Women made hundreds of multiple-use facemasks a week in Galina’s workshop. They made them observing the recommendations of the Ministry of Health, and distributed the masks for free to the locals and the population of villages along the administrative border line.
At a time when there was a shortage of facemasks, even in the pharmacies, when they were expensive and when movements were restricted, Galina distributed the gauze facemasks to the population, all the time maintaining social distancing.
“Some wanted to pay but I could not imagine charging money,” said Galina. “I have not taken a single tetri. In this process I mostly enjoyed noticing people’s astonished faces. Love for people should be an inherent trait of human beings. The best thing is being kind to people who are in trouble and look at you amazed, as if asking for help, especially when you can support them and do them a favour. I always carry the facemasks in my pocket and distribute them to the people who wear worn out ones.”
She recalls especially delivering facemasks and Christmas presents to the families living near the Khurvaleti boundary line, because her house is beyond the barbed wire too. Her facemasks reached Grandpa Data, who had been detained repeatedly for communicating with visitors at the administrative border line. Data Vanishvili’s health is poor, so the masks and Christmas gifts were handed to his wife.
Galina’s facemasks soon became popular. She explains this by the quality, and her whole-hearted work. During the Covid-19 crisis, the project donated facemasks to about 1,000 people. Apart from the facemasks, Galina has also been making bed linen with EU support, and distributing them for free to conflict-affected families.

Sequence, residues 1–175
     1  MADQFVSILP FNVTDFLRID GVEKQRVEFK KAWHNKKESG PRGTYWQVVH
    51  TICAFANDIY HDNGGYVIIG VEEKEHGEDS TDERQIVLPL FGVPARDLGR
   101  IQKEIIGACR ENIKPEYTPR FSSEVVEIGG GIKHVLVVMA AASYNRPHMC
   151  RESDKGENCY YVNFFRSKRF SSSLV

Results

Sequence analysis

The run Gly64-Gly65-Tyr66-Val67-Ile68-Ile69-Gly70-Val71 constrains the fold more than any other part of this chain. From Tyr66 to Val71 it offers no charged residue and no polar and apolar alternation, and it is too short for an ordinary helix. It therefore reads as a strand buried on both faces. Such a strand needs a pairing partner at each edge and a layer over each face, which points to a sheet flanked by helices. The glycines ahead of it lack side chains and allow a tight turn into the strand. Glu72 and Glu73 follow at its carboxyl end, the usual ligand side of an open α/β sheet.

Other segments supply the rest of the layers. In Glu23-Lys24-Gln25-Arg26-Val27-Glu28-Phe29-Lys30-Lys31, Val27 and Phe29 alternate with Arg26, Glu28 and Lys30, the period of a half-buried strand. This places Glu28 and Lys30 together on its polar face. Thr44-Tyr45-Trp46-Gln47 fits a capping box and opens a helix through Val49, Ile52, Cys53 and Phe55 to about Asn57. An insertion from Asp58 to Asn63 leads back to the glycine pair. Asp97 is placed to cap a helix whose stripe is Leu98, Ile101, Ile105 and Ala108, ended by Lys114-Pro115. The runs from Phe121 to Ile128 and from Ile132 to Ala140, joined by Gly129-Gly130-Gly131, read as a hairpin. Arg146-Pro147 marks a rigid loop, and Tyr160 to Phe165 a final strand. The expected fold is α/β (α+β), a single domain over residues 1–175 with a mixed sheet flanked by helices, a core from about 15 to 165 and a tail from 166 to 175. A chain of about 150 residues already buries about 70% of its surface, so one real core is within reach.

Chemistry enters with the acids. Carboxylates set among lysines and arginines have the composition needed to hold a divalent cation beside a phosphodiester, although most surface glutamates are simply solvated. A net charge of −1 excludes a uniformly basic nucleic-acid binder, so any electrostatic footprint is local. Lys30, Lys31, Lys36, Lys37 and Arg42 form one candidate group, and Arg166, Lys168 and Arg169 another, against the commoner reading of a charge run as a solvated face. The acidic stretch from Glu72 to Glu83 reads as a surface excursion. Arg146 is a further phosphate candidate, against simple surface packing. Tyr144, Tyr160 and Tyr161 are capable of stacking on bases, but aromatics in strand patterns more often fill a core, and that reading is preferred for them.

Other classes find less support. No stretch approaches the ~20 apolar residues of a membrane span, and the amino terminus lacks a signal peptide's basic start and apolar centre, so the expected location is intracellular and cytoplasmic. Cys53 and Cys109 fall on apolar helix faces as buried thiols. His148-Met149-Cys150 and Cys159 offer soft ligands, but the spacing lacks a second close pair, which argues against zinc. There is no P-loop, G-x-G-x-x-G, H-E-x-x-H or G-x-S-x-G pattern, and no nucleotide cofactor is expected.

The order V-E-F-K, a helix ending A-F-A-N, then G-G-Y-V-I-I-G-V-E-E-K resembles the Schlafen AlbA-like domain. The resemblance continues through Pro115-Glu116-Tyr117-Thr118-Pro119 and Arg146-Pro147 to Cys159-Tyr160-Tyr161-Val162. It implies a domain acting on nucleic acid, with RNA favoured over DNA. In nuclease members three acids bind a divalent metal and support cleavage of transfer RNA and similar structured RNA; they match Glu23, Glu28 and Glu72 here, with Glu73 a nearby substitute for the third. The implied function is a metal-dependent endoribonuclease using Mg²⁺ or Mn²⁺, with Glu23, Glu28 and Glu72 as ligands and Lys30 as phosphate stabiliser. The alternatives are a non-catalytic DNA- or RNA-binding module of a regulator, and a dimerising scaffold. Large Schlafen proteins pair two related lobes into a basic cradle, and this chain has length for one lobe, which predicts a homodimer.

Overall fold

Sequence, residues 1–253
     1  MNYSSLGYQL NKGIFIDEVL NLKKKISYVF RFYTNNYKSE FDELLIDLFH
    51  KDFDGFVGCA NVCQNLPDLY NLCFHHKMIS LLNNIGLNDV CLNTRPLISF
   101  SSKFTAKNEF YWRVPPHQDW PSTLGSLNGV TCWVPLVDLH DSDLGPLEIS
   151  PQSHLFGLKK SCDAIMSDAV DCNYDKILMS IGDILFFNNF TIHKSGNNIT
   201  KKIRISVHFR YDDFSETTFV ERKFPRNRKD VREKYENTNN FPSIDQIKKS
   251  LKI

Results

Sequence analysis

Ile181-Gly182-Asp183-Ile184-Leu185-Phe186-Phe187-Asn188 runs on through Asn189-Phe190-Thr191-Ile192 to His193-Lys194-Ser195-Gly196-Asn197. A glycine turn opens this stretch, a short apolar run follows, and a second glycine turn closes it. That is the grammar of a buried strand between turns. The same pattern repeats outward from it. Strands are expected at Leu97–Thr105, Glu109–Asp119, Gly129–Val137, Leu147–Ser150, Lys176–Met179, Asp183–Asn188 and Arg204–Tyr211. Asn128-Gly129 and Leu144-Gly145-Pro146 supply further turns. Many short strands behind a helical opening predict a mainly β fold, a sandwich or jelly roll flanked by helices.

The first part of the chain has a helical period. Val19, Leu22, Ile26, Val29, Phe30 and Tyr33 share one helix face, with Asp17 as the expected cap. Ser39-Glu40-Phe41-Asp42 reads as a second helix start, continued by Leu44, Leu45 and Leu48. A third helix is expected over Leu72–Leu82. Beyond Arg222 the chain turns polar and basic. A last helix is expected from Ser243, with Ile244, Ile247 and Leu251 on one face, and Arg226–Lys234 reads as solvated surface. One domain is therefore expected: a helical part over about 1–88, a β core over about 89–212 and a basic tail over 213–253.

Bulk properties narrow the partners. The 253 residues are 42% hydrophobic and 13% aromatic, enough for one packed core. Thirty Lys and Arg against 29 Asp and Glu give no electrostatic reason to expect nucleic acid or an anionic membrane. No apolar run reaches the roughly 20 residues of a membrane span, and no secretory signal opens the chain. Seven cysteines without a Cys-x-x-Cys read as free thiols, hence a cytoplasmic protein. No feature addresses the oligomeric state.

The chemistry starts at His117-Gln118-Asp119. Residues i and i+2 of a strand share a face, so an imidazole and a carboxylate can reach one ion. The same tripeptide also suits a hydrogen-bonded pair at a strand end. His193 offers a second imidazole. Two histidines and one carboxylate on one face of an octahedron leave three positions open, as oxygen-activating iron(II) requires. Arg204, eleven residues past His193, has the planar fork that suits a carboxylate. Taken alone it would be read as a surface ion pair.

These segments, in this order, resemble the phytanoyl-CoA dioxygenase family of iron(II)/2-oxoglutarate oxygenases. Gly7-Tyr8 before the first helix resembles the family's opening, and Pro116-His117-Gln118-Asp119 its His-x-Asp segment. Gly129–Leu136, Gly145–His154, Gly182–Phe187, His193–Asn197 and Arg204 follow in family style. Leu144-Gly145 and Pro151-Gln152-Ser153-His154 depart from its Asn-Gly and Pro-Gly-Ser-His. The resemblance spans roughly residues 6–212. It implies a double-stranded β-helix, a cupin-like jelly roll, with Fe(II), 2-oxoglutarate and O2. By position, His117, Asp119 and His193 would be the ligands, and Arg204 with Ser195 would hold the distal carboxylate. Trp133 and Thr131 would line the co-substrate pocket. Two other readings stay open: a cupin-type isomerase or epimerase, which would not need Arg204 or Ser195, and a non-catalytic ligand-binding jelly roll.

Today, she is considering the commercial production of medical facemasks, but she faces an emerging problem – the pandemic has led to an increase in the price of raw materials, as well as other products, and for the moment she has to hold back from her idea. Nonetheless, she has had requests from the local population, including the nearby villages and Gori. There was also demand for her facemasks in Rustavi, and she has her many loyal customers.
Sewing is not the only job that Galina does. She is a director of the Settlement Kindergarten built by her initiative in 2016 with the co-financing of NGOs and the Gori Mayor’s Office. There was no kindergarten in the IDP Settlement until then, and children had to travel a long way to go to pre-school. Currently, the kindergarten cares for 25 children.
With the EU’s financial support, Galina has also implemented other projects in the IDP Settlement, including a Youth Club supporting local young people to tackle existing problems.
Big plans are ahead. Galina has lots of ideas to solve problems and carry out various other activities. She hopes she will always have the energy for undertakings that are important to the community.
Author: Lana Kokaia
Article published in Georgian by On.ge